The Conspirator, from a script by James D. Solomon, tells the sad and legally alarming story of Mary Surratt (Robin Wright). A transplanted Southerner and devout Catholic, she was the mother of John Surratt, one of Presidential assassin John Wilkes Booth’s associates, and owned and ran the boarding house where the conspirators met to hatch their plot. Surratt fils was a likely co-conspirator in the plot to kill the President, as well as Vice President Andrew Johnson and Secretary of State William Seward, although they survived separate attacks (considering the former implemented the travesty of Reconstruction and the latter bought Alaska and is thus indirectly responsible for Sarah Palin, one can be forgiven for wishing that the results had been inverted). As Booth was shot dead while resisting capture and Surratt was at large for some months after that, Mary Surratt was tried by a military commission in their absence along with other conspirators, and was eventually hanged with three other men convicted by the same court.

If you tell me my beard suits me, I’ll tell you that you look smashing in black.

The film is filtered mostly through the lens of Surratt’s defense counsel Frederick Aiken (James McAvoy), a Union veteran and ambitious young lawyer. Initially forced onto the case by his mentor Senator Reverdy Johnson (Tom Wilkinson) despite believing fervently in her guilt, Aiken becomes convinced that she is being railroaded to the gallows for PR reasons by the War Department and its indomitable Secretary, Edwin Stanton (Kevin Kline). Whether it’s about “healing” or revenge, Mary Surratt has been elected to be punished for the crimes of the South in the interest of reuniting the nation after a bloody and destructive conflict. The disillusioned Aiken mounts a spirited if futile defense, of constitutional principles at least if not entirely of the defendant herself.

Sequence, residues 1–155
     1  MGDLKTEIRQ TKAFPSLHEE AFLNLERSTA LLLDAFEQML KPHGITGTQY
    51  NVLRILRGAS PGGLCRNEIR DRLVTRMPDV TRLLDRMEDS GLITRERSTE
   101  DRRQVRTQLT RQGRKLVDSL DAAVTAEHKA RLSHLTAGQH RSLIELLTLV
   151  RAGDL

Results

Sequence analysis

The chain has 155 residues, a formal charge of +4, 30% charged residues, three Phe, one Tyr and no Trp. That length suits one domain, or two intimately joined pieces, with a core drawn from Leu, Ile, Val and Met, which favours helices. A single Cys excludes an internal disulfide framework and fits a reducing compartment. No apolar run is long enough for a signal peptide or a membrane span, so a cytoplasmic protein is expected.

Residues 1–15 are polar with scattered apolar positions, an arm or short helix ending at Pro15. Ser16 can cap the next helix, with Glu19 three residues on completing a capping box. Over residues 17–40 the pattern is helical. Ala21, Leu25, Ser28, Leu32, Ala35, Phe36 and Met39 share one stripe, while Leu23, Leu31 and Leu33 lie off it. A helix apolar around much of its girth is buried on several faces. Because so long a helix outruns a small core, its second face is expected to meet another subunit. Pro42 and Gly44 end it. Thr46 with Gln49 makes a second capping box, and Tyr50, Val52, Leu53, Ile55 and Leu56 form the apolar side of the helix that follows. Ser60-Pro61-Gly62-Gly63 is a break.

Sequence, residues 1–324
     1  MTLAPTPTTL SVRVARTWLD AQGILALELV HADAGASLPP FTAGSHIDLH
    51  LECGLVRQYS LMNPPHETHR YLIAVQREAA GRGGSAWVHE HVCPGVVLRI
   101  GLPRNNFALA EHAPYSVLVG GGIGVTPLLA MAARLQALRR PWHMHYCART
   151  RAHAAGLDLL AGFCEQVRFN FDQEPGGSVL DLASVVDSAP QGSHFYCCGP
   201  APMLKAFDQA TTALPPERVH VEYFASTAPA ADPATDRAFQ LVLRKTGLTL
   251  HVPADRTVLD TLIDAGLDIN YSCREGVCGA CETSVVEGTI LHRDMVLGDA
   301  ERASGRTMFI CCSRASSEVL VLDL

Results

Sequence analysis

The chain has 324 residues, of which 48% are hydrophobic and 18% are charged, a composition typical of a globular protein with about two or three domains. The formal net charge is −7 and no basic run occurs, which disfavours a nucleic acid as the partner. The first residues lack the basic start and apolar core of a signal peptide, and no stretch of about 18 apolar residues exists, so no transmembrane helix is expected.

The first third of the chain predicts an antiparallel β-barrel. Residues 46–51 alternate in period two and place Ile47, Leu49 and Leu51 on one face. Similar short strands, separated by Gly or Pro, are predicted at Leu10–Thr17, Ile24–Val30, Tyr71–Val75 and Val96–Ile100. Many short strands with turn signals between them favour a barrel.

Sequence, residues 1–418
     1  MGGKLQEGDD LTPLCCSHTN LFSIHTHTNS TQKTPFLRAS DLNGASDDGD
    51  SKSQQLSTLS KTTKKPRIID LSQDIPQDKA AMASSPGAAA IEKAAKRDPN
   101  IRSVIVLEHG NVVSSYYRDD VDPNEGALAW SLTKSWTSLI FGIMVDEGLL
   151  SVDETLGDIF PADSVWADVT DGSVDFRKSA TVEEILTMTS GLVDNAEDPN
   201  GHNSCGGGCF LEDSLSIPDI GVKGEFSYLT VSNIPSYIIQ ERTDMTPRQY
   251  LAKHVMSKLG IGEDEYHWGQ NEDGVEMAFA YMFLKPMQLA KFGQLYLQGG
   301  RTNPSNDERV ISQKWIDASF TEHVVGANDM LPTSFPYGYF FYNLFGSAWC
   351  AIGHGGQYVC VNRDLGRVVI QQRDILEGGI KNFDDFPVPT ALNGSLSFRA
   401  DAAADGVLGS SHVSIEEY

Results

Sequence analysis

Redford begins things clunkily enough, re-enacting the night of the assassination plot and its manhunt aftermath with all the verve of a Legion Night amateur theatrical. For an event so literally bloody, it’s figuratively bloodless on the screen. The Conspirator gains some interest and conviction as Surratt’s trial ramps up, but even then simmers at low heat. Aiken is a stock James McAvoy lead role, the gradually disillusioned idealist who accrues maturity and insight at the cost of the life (or at least the soul) of the person he stands up for. He cuts a fine figure in period suit and whiskers, but doesn’t have to try very hard otherwise.

Wright is more laudable, investing the historically-villified Mary Surratt with tremendous integrity and tragic nobility. Even if her wardrobe is full-on Mary, Queen of the Scots and Redford and his DP Newton Thomas Sigel bathe her in angelic sunlight in every courtroom sequence, she’s an island of calmness and truth. Kline gets the Dick Cheney role and is allowed not an inch of breathing room to be anything resembling his usual charming onscreen self. Wilkinson has a nice Southern accent. All manner of recognizable half-famous faces crop up in the supporting cast as well. Among them are a horribly out-of-place Justing Long as Aiken’s jocular war buddy (he sings a jaunty song about Gettysburg at a party, in case you ever wanted to hear that), Evan Rachel Wood as Mary’s stubborn daughter Anna, Alexis Bledel as his shallow would-be-fiance, and character actors from everything from Newsradio (Stephen Root) to The Walking Dead (Norman Reedus) to Boardwalk Empire (Shea Whigham) to The Wire (Jim True-Frost) cropping up, obviously desperate to work with the legendary Redford even in a movie this consistently middling.